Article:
Prevention teamBMJ 2016; 352 doi: https://doi.org/10.1136/bmj.i1680 (Published 24 March 2016) Cite this as: BMJ 2016;352:i1680
- Nigel Hawkes, freelance journalist
- London, UK
Not for Play: keep them away
In 2001 Procter and Gamble introduced liquitabs, brightly coloured squeezy capsules of liquid detergent for washing machines and dishwashers. Other manufacturers followed. Marketed in transparent packaging to appeal to customers, liquitabs also proved a lure for their children.
In 2011-12, Glasgow Children’s Hospital admitted nine children with airway injuries resulting from ingesting liquitabs. One child required major reconstructive surgery. NHS Glasgow and Clyde launched an awareness and prevention campaign, after investigations into the incidents found that parents were storing liquitabs in cupboards under the kitchen sink that were accessible to their children.
“The aim of the Not for Play programme was to provide an information pack for every family with an infant 12 to 16 weeks of age,” says Lesley Nish, senior health improvement officer at the board. The packs are delivered by the health visiting team as part of home visits. “It’s very much a solution focused approach. They can also supply families with cupboard catches or, if these can’t be used, discuss other ways of keeping children away from detergents. Parents are horrified when they are told about the dangers.”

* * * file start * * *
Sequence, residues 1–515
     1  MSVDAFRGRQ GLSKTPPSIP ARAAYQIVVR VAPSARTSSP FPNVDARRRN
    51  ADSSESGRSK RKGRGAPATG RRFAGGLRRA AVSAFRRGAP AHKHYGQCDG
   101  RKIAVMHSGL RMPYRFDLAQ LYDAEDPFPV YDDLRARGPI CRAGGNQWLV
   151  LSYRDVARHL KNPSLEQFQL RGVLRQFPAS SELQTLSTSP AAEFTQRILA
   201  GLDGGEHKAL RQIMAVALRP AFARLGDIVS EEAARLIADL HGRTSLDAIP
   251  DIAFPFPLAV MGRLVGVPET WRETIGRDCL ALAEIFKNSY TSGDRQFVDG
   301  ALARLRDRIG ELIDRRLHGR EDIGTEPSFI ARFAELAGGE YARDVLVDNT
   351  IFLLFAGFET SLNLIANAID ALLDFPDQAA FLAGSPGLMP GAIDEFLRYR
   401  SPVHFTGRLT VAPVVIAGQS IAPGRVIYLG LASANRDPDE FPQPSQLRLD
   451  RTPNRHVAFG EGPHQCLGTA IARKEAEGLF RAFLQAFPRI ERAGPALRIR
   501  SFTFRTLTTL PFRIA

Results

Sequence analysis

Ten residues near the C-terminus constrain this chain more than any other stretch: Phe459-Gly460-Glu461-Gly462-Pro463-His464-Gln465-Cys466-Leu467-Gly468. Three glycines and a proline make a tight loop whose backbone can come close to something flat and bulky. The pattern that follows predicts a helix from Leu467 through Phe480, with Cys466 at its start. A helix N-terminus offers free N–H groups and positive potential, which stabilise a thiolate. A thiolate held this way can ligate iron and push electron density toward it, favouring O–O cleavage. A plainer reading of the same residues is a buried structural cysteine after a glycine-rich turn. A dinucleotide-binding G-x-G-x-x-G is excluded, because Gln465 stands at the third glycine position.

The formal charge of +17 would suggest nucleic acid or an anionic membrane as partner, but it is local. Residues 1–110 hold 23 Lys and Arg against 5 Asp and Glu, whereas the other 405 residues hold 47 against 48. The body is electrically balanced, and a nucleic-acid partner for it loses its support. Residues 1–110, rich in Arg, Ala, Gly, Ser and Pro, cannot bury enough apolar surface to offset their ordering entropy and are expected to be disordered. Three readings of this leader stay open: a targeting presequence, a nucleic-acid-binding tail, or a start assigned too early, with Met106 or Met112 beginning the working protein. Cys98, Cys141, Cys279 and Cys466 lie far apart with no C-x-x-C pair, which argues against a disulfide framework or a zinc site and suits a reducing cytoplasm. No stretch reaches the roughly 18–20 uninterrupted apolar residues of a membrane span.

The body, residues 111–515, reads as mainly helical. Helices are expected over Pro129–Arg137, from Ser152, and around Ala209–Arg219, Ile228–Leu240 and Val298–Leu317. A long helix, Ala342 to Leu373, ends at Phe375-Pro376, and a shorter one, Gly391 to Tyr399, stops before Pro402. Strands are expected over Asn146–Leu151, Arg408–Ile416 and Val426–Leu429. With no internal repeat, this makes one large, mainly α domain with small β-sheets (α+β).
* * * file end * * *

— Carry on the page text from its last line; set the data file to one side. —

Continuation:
Around 16 000 cupboard catches have been distributed each year, and admissions of children damaged by liquitabs in Glasgow have fallen from nine to one a year. The programme is set to continue into 2017. Since 2015 new EU rules have mandated non-transparent packaging and child resistant closures, together with formulation changes that slow the rate of dissolution and include a bitter taste so that a child will spit the liquitab out rather than swallow it.
The Not for Play programme has not only prevented injury but saved money. The costs of treating nine children totalled £175 500 …
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